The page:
The Panasonic GM1 is an overall quick camera. It starts up and presents a focus target in about second, though it will take another moment to unlock the kit lens if needed. Auto focus with the kit lens is very good - at wide angle in good-to-moderate light it acquires focus in just a fraction of a second. At telephoto, jumping from very close to very far subjects in the same lighting conditions can take just a hair longer, but it's barely noticeable.

In the very darkest conditions the AF assist lamp comes to the GM1's aid. Focus slows down noticeably, as expected, stretching up toward a second at wide and telephoto. The screen also shows some noticeable lag, but is otherwise fluid in good lighting conditions.

Good light performance with the 20mm F1.7 was much the same as with the kit lens, but in dim light it's slightly slower. The GM1 is less likely to engage the AF assist lamp with the 20mm lens attached, and only relies on it in the very darkest of conditions. It will be unlikely to keep up with moving subjects in very dim light, but had no problem accurately focusing on static subjects, only occasionally hunting back and forth before finding its target. It also feels like the GM1 is doing quite a bit more work to move the elements of the larger lens, the likely reason why battery performance is worse with the 20mm as compared to the kit lens.

With a SanDisk Extreme Pro UHS-I card the GM1 permits reasonably fast shot-to-shot times shooting Raw+ Fine JPEG. With continuous full press and release of the shutter button it continued to shoot with slight hesitation about 1 frame per second, slowing down slightly around 5 frames and stopping briefly to clear the buffer around 8 frames. In Raw only it will continue up to around 20 frames on average before it hesitates, and shooting only JPEGs it will continue well beyond that to at least 50 frames (likely to card capacity).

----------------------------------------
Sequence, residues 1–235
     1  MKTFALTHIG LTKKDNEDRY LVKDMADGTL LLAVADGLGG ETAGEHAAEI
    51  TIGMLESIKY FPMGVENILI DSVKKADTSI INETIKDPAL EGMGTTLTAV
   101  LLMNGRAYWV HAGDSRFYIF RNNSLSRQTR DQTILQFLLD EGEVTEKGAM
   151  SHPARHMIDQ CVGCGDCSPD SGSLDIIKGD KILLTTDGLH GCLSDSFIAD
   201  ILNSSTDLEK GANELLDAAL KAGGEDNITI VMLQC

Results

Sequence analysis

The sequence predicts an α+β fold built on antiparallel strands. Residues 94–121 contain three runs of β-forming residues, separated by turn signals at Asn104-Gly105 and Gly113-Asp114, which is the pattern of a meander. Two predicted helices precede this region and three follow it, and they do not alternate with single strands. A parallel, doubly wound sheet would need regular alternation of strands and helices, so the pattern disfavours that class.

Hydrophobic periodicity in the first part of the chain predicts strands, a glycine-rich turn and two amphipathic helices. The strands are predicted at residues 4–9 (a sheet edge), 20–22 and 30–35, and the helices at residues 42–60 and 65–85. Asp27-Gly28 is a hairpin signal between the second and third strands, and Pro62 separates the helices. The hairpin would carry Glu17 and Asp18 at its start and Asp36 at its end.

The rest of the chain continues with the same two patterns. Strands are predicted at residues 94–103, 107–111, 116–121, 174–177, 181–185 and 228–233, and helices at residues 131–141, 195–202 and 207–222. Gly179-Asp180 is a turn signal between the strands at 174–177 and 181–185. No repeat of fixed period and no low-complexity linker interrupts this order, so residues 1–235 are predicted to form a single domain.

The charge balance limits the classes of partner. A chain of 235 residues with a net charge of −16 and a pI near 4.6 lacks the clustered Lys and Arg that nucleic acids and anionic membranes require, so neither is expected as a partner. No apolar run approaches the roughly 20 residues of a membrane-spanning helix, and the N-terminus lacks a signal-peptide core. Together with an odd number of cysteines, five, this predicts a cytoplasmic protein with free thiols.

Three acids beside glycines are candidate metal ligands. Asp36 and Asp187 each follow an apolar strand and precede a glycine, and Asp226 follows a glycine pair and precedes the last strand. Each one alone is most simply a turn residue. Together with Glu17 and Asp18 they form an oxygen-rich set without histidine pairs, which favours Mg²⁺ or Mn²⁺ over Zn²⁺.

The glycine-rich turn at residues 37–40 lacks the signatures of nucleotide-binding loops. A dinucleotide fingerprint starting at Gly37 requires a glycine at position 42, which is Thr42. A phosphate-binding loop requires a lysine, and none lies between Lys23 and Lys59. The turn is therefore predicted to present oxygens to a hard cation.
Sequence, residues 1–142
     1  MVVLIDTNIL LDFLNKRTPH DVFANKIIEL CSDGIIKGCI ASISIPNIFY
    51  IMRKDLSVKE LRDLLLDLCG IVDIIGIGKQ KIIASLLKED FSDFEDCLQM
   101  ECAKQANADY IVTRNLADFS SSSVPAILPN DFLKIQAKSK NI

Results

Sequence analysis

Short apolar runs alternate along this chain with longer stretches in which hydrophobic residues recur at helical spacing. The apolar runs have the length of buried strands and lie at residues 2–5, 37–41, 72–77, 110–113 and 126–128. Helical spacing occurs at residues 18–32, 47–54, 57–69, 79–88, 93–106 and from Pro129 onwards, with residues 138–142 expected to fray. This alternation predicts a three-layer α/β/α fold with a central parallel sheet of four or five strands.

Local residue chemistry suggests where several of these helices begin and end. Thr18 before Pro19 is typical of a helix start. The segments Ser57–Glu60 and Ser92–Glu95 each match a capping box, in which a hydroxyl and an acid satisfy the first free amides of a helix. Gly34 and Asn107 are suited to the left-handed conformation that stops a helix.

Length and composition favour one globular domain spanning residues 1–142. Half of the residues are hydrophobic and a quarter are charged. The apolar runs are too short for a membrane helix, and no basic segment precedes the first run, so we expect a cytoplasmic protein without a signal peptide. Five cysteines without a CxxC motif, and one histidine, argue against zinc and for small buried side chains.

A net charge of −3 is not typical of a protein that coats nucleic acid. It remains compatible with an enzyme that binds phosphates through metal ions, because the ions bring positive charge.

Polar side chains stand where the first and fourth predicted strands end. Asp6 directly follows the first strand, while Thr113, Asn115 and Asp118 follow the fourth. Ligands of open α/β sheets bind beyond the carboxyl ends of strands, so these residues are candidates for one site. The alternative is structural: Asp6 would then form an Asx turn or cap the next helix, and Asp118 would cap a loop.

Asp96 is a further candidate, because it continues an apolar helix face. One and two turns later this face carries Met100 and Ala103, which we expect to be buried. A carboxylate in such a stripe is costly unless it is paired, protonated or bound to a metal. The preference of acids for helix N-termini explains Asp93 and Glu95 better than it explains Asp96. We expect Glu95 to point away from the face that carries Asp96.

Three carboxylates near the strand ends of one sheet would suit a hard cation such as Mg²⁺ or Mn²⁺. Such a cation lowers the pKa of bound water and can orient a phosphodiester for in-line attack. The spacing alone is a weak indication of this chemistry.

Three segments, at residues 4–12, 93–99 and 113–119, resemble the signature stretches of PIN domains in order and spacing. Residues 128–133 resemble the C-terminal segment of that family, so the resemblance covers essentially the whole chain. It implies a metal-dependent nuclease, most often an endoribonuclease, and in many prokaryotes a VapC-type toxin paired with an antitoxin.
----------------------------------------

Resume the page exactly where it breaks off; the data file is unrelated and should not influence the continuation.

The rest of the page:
Continuous Shooting and Buffering

The GM1 offers four continuous shooting modes: super high, high, medium, and low. The last two support live view during shooting, while the first two do not. The super high mode uses the electronic shutter, which allows the camera to shoot at a very fast top speed of 40 fps, albeit at a reduced 2272x1704 resolution. Here are the GM1's claimed burst rates per shutter mode:

Electronic Shutter
Mechanical Shutter
Super High
40.0 fps ---
10.0 fps 5.0 fps (with AFS), 4.0 fps (with AF-C)
4.0 fps 4.0 fps (with Live View)
2.0 fps 2.0 (with Live View)

Panasonic claims the GM1 will record 7 images in each burst mode when there are Raw images being saved, and an unlimited number of frames recorded in JPEG-only, limited by card capacity. We found with a UHS-I card that it would just fall short of 7 frames in Raw or Raw+ mode at Medium burst rate before pausing to clear the buffer, but would continue shooting after a short pause. In our testing, the GM1 met or exceeded Panasonic's claims for burst speed.

Raw+ Fine JPEG
Super High
--- --- 40 fps (39 frames)
5 fps (7 frames) 5.0 fps (7 frames) 5.3 fps (to card capacity)
5.0 fps (5 frames) 4.7 fps (6 frames) 4.7 fps (to card capacity)
2.4 fps (7 frames) 2.2 fps (15 frames) 2.3 fps (to card capacity)

Battery Life

The GM1 ships with a rechargeable lithium-ion battery with a CIPA-rated 230 shots with the 12-32mm kit lens or 220 shots with the 20mm F1.7. That's well below the rest of the class, with most of its peers rating at least 350 shots. For all day shooting trips, an extra battery is a must.